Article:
Priest forest Borgman 2013
The priest pursuing Borgman. Notice the colors and brilliant composition.

Seeing Borgman walking to the gas station, trying to pretend he is a perfectly normal citizen, I already knew I will love this movie.

Borgman operates smoothly with a band of similarly odd individuals. They are all masters of disguise and deceit. But we don’t know much about them, except the fact that they like to watch TV silently in each house they have taken over. They form a group that could be a successful gang, having in mind its potential members’ inclination to murder and corpse hiding.

Ludwig_Alex van Warmerdam_Borgman 2013_Why don't you answer the phone
The director Alex van Warmerdam plays the role of Ludwig

The movie is very funny at times, but it’s a laugh at the absurdity of things happening, not because we enjoy the suffering of the couple (or maybe we do?).

It’s also a satire on xenophobia, middle-class hypocrisy, hidden sexism.

– I feel so guilty. We have it so good. We are fortunate. And the fortunate must be punished.

– Marina darling, that is nonsense. We were born in the West and the West happens to be affluent. We can’t help it.

The wilderness takes over the house. The father reads fairy tales to his children from the book. The magician tells them a scary fairy tale which he knows by heart. Their father tells them a fantasy, Borgman tells them about his world.

The movie plays with tribal and Biblical motifs. Borgman is a Christian demon (or angel – Samiel could mean Samael, the Angel of Death), a beast from his story or a pagan shaman.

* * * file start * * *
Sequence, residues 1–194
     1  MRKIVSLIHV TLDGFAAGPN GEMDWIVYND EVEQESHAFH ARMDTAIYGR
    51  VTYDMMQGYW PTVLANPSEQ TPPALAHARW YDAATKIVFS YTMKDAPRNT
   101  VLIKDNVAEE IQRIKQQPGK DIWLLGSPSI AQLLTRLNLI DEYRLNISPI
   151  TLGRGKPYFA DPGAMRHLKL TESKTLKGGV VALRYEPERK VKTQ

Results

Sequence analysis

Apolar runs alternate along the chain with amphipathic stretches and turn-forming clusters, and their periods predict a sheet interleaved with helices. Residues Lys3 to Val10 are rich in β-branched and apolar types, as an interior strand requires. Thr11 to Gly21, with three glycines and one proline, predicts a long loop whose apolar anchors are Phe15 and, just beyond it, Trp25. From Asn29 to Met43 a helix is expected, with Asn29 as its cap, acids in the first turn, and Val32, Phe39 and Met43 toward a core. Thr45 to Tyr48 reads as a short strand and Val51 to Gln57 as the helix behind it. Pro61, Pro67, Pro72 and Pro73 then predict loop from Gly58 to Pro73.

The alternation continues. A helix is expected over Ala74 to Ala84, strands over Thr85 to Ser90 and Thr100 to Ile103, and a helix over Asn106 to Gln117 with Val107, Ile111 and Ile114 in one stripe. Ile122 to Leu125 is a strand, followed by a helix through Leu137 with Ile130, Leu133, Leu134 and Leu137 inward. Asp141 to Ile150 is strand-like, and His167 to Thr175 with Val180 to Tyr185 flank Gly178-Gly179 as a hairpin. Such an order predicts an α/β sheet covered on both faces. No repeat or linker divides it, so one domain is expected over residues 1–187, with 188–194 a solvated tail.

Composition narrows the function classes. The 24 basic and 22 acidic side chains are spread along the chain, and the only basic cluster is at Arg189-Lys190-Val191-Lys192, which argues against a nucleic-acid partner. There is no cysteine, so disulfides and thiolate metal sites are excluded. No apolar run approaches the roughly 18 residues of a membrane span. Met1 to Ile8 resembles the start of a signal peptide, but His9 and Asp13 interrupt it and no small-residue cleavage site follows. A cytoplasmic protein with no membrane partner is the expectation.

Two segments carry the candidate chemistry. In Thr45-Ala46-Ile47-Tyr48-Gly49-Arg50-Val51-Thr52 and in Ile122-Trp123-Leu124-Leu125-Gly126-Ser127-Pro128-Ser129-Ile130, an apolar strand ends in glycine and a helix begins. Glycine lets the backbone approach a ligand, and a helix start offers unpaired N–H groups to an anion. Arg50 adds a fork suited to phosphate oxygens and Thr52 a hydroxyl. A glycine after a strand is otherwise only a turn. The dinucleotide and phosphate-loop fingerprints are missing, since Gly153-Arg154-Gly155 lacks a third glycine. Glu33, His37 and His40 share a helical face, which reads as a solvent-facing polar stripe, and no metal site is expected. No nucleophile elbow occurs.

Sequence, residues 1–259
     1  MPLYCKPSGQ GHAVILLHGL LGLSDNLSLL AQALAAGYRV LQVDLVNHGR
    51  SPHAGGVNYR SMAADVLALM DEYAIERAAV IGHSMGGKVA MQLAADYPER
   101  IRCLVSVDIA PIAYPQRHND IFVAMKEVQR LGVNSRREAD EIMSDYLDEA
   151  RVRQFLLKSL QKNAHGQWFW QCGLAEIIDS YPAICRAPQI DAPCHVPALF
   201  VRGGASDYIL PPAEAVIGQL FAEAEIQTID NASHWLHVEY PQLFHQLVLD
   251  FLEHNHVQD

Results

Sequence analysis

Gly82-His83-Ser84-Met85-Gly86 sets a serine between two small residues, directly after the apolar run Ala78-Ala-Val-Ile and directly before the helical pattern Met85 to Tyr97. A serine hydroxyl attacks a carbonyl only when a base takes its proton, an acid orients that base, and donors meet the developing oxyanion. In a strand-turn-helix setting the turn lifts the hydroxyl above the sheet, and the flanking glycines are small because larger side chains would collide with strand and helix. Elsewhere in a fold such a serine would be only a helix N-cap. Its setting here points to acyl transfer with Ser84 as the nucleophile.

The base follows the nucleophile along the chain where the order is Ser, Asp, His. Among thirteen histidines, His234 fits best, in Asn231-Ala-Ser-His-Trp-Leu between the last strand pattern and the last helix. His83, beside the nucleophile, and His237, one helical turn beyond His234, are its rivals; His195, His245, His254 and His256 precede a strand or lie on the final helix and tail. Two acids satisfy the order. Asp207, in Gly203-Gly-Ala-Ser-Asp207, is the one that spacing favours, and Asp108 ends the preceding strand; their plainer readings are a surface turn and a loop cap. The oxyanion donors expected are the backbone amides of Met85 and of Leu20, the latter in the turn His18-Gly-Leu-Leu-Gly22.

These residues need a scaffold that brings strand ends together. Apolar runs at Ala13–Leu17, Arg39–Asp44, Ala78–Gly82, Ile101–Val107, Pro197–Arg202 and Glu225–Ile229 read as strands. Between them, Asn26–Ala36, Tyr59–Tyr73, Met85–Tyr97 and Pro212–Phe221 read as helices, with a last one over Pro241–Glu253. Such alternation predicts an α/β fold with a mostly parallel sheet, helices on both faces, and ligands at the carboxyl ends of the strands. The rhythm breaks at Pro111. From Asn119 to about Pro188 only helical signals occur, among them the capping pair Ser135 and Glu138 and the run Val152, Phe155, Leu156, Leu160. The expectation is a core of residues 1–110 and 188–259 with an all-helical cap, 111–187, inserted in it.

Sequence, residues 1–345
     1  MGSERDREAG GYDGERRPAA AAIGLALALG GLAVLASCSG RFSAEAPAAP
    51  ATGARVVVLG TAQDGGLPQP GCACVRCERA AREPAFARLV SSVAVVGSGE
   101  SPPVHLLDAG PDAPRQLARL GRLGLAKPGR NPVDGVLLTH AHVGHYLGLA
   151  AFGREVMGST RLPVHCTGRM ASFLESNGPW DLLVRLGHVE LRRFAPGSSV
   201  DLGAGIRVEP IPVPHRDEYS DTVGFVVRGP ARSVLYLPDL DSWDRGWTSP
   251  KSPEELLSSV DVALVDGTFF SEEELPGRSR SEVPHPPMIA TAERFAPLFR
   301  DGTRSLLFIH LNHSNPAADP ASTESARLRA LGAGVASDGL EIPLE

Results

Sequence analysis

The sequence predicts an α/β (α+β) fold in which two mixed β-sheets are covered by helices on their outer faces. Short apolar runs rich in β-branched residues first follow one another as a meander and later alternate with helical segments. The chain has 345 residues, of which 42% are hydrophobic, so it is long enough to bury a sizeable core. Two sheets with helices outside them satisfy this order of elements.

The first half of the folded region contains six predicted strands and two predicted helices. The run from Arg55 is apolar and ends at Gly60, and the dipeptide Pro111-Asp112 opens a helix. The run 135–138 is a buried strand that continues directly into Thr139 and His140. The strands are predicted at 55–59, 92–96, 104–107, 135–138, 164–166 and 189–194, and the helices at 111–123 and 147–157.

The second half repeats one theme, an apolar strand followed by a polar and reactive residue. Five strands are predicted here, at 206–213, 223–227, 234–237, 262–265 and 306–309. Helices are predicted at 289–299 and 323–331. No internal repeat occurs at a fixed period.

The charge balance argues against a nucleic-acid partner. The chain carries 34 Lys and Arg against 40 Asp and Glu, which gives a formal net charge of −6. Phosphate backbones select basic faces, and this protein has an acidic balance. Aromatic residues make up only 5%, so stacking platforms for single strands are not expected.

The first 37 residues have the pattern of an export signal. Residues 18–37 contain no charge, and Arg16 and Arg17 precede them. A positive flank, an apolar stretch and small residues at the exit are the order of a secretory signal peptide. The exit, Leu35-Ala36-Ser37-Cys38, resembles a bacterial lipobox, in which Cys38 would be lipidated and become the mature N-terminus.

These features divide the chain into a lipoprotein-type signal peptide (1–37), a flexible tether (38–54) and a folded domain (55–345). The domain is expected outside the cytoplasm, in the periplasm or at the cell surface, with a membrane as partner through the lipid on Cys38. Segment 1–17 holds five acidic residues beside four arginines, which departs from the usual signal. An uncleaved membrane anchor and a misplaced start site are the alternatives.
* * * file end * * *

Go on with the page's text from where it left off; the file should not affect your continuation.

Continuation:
I won’t tell you how this spectacle of ridiculous violence and terror ends, you have to see it for yourself. My only complaint is that the story drags in the middle, but I can forgive that, given the movie’s slow nature.

Jan Bijvoet as Borgman is totally fascinating to watch. He shows his power in almost every scene he appears. I also liked Jeroen Perceval whose task of playing the sordid Richard was more difficult. He managed to add depth to his character.

Some people say Borgman is a horror movie. According to Noël Carroll, a horror is a movie with the monster, the Other which is a) scary b) disgusting and c) fascinating.

  • I’ve read Carroll’s Philosophy of Horror for my studies recently, and it certainly influenced my thinking about the horror genre for a moment.

If Borgman, with his superhuman abilities, is not human, I think that even Carroll would agree he is a monster.

Is the couple guilty? The wife feels guilty, the husband doesn’t, the children are innocent. And Borgman does what he does best and probably did before the existence of nice comfortable houses and TV. He brings chaos, anarchy and destruction.

Borgman 2013 houseNature vs. man is the main conflict in the movie in my opinion. Notice how the couple tries to tame the wilderness with their tidy garden while the forest is just a few steps away.